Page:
Definitions for: Hear

[v] get to know or become aware of, usually accidentally; "I learned that she has two grown-up children"; "I see that you have been promoted"
[v] receive a communication from someone; "We heard nothing from our son for five years"
[v] perceive sound; perceive by the auditory sense
[v] listen and pay attention; "Listen to your father"; "We must hear the expert before we make a decision"
[v] examine or hear (evidence or a case) by judicial process; "The jury had heard all the evidence"; "The case will be tried in California"

Webster (1913) Definition: Hear, v. t. [imp. & p. p. Heard; p. pr. & vb. n.
Hearing.] [OE. heren, AS,. hi['e]ran, h?ran, h?ran; akin to
OS. h?rian, OFries. hera, hora, D. hooren, OHG. h?ren, G.
h["o]ren, Icel. heyra, Sw: h["o]ra, Dan. hore, Goth. hausjan,
and perh. to Gr. ?, E. acoustic. Cf. Hark, Hearken.]
1. To perceive by the ear; to apprehend or take cognizance of
by the ear; as, to hear sounds; to hear a voice; to hear
one call.

Lay thine ear close to the ground, and list if thou
canst hear the tread of travelers. --Shak.

He had been heard to utter an ominous growl.

2. To give audience or attention to; to listen to; to heed;
to accept the doctrines or advice of; to obey; to examine;
to try in a judicial court; as, to hear a recitation; to
hear a class; the case will be heard to-morrow.

3. To attend, or be present at, as hearer or worshiper; as,
to hear a concert; to hear Mass.

4. To give attention to as a teacher or judge.

Thy matters are good and right, but there is no man
deputed of the king to hear thee. --2 Sam. xv.

I beseech your honor to hear me one single word.

5. To accede to the demand or wishes of; to listen to and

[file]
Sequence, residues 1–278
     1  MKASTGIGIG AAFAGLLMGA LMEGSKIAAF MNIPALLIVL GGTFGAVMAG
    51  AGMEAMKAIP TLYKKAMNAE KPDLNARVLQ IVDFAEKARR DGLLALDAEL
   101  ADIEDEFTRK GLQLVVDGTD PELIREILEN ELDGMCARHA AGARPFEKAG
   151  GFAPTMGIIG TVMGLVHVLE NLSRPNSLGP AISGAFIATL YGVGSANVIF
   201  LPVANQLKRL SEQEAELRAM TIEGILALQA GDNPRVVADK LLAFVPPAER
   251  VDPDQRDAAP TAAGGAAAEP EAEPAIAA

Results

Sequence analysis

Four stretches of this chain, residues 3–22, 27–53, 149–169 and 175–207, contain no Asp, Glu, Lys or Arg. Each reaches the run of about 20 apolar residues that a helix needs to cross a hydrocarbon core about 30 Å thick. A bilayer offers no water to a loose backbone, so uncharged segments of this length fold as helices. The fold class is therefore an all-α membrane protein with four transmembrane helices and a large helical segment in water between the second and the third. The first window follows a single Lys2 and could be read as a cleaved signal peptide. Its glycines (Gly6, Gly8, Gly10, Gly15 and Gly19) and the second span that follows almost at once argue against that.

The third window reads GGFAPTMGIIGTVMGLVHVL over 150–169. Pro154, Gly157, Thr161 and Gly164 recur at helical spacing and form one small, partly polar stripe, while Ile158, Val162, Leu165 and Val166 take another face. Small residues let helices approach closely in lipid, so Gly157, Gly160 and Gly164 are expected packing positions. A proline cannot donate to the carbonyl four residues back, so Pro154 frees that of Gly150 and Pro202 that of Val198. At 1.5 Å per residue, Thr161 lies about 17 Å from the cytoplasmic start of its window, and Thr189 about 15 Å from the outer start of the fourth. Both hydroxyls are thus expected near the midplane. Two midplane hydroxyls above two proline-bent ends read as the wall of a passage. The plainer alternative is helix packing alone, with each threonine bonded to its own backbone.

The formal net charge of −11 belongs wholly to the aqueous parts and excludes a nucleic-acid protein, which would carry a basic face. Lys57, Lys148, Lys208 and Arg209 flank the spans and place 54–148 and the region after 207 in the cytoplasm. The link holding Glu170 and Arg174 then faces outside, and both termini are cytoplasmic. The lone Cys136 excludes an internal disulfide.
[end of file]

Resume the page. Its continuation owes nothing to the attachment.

answer favorably; to favor.

I love the Lord, because he hath heard my voice.
--Ps. cxvi. 1.

They think that they shall be heard for their much
speaking. --Matt. vi. 7.

Hear him. See Remark, under Hear, v. i.

To hear a bird sing, to receive private communication.
[Colloq.] --Shak.

To hear say, to hear one say; to learn by common report; to
receive by rumor. [Colloq.]

Hear, v. i.
1. To have the sense or faculty of perceiving sound. ``The
Hearing ear.'' --Prov. xx. 12.

2. To use the power of perceiving sound; to perceive or
apprehend by the ear; to attend; to listen.

So spake our mother Eve, and Adam heard, Well
pleased, but answered not. --Milton.

3. To be informed by oral communication; to be told; to
receive information by report or by letter.

I have heard, sir, of such a man. --Shak.

I must hear from thee every day in the hour. --Shak.

To hear ill, to be blamed. [Obs.]

Not only within his own camp, but also now at Rome,
he heard ill for his temporizing and slow
proceedings. --Holland.

To hear well, to be praised. [Obs.]

Note: Hear, or Hear him, is often used in the imperative,
especially in the course of a speech in English
assemblies, to call attention to the words of the

Hear him, . . . a cry indicative, according to
the tone, of admiration, acquiescence,
indignation, or derision. --Macaulay.

Synonyms: discover, find out, get a line, get wind, get word, learn, listen, pick up, see, take heed, try

See Also: ascertain, catch, catch, center, centre, comprehend, concentrate, examine, find, focus, get, incline, overhear, perceive, pick up, pore, probe, receive, rehear, retry, rivet, take in, trip up, wise up

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